Leaving the hospital can be both exciting and stressful. Whether it was a long or short hospital stay, there is often some degree of apprehension about the return home. To help reduce this apprehension, here is a checklist for you to use that will hopefully make for a smooth transition back home from the hospital.
- Is the person going home? Or to another destination such as a rehabilitation or long-term care facility?
- How is the person going to be transferred from the hospital? What will make it smoother for the both of you? A friend or family member driving, a taxi or an Uber, or a patient transfer service arranged through the hospital?
- What are the new medications the person will be prescribed? Be sure to clarify the dose of each medication, how often it must be taken, and why.
- What about the old medications the person was taking before hospitalization? Have there been any changes to the doses or timing of the original medications? Have some of them been stopped altogether?
- Be sure to obtain a copy of the new prescriptions to take to the pharmacy.
- Before leaving the hospital, clarify when to start taking the medications at home in case some of them have already been taken that day at the hospital.
- Confirm whether there are any over-the-counter medications the person should avoid.
- Ask about any side effects or reactions to look for and when to seek medical attention.
- Ask about disposal of old medication.
- Does the person require any special equipment at home? Will a hospital bed be needed? Crutches or another mobility aid such as a walker or wheelchair? Does the person require oxygen at home? What about urinary catheter or ostomy supplies?
- Inquire about how to acquire this equipment. Where can it be purchased or rented? Does the person need to be fitted for this equipment? Who arranges this? Can this be arranged immediately so that the person you are caring for has all the necessary equipment the moment they walk in the door or very shortly afterward?
- Does the person need to make adjustments to their diet?
- What should they limit or restrict from their diet?
- What should they eat more of?
- Does the person need to restrict their physical activity or can they resume all of the activities they were doing prior to the hospitalization? For example, can the person drive? Go back to work? What about physical activity and exercising?
Health care services
- Are home support services required for activities such as bathing, feeding, or taking medications? What about virtual nursing or telehome monitoring? Does the person require physiotherapy?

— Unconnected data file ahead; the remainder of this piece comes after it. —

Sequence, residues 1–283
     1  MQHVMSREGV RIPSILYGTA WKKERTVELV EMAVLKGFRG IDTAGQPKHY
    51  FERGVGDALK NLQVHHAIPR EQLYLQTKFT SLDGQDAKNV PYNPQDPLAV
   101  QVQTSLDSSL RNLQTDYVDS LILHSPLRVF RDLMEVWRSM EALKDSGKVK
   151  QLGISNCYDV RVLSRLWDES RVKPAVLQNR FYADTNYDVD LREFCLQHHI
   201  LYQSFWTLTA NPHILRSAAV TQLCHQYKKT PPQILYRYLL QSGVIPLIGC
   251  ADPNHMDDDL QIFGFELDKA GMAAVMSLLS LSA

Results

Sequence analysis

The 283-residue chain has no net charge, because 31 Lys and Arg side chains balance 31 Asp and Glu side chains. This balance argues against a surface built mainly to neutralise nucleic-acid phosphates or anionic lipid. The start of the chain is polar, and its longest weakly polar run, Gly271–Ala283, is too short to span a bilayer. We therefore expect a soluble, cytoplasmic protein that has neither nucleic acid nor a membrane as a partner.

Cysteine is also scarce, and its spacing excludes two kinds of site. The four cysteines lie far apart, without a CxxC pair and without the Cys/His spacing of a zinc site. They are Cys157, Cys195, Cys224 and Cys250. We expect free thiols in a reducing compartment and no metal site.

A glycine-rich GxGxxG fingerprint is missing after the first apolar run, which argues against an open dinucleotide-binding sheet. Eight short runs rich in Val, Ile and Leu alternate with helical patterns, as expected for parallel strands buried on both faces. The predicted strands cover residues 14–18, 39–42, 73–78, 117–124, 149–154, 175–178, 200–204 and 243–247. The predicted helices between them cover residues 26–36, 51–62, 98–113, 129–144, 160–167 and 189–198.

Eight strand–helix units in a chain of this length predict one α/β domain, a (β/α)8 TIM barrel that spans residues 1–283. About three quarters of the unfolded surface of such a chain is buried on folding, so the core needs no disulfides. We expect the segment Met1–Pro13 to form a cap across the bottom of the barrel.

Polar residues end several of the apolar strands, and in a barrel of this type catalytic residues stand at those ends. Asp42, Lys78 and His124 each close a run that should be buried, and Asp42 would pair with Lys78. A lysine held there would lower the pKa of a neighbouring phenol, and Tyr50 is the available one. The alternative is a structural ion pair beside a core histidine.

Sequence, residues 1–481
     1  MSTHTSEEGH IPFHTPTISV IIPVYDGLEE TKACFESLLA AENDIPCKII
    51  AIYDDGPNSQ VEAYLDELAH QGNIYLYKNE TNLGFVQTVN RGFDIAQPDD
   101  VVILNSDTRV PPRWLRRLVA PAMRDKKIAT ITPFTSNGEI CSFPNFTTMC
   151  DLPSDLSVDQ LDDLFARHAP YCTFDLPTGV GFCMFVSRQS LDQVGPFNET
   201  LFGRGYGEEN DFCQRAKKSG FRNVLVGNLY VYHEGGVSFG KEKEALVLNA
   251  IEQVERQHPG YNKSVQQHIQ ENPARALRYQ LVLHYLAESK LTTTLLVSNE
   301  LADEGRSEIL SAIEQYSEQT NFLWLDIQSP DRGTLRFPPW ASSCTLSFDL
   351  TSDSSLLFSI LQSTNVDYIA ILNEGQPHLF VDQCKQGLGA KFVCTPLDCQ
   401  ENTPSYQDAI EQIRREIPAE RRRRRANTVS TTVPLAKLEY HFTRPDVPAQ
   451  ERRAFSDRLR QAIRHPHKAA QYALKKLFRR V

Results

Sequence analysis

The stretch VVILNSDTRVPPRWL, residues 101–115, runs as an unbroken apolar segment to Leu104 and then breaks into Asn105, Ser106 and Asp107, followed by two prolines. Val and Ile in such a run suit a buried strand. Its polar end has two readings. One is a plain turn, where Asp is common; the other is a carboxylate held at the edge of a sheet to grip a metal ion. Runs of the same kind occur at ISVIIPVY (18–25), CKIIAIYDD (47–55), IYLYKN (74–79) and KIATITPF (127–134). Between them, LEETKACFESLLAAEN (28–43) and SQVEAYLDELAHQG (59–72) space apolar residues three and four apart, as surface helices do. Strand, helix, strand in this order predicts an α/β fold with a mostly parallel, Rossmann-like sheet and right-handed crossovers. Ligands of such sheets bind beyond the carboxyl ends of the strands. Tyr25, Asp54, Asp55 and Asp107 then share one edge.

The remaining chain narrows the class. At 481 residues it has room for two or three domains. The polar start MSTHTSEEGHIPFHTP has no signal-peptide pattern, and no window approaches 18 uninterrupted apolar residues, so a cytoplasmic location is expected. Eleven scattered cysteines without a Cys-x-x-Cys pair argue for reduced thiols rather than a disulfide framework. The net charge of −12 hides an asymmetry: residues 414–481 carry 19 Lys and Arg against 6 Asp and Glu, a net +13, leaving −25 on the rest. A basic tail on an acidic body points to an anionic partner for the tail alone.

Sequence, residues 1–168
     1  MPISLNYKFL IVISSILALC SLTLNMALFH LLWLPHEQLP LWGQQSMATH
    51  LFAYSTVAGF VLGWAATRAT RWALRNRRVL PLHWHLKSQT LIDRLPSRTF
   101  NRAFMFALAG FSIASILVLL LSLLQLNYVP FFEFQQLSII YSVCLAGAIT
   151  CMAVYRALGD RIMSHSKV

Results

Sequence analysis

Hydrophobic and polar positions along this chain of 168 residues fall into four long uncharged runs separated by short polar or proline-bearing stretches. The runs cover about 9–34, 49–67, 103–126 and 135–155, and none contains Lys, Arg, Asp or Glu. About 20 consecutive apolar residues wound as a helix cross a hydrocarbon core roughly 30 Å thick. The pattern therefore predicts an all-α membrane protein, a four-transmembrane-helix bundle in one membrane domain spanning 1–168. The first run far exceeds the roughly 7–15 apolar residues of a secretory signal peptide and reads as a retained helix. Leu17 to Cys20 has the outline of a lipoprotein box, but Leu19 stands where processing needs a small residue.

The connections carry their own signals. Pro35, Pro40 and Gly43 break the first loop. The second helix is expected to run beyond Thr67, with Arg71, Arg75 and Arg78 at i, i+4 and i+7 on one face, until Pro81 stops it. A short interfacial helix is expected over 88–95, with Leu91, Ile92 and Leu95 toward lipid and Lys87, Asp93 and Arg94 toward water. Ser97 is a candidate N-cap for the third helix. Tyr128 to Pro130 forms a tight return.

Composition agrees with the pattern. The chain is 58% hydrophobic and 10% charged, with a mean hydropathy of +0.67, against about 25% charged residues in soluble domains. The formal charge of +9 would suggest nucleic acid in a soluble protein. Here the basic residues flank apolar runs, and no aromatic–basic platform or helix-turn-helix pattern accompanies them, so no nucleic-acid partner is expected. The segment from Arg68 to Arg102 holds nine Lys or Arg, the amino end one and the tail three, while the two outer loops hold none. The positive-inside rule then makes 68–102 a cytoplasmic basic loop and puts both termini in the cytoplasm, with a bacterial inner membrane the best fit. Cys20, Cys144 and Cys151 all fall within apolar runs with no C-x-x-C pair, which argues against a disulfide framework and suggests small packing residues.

- Inquire about how to set up these services. Does the hospital arrange for this or do you? Who do you call to arrange the service? Can this be arranged before leaving the hospital so that there is little to no time lag for these necessary services?
- Are there any follow-up appointments the person must attend? When and where are these appointments?
- When should the person see their primary care provider for follow-up?
- What are the signs or symptoms to look for that indicate the person needs to go to the emergency department?
Ask the person if they have any questions, worries, or fears about this transition.
- Do they understand the illness, disease, or injury they have?
- What do they feel their needs are? How do they predict these needs changing over time?
- Advocate for the person to ensure that these are addressed by the health care team.
If you or the person you are caring for have any additional questions, be sure to ask.
- As the caregiver, do you need to be shown how to help the person with any medical tasks or activities?
- Raise any concerns, worries, or questions you have with the health care team. You are an equally important team member.
- Ask who you can call if you have additional questions and write down the phone number and the time of day you can call.
Each situation is unique and some of the questions may not apply to you or the person in your care. However, it can be helpful to review this checklist and write down any additional questions or concerns together prior to the person’s discharge home from the hospital. Planning ahead and anticipating future needs can help make the transition from the hospital to home a smooth one. As the caregiver, you are very close to the situation, and while you don’t have a crystal ball, you are the next best thing!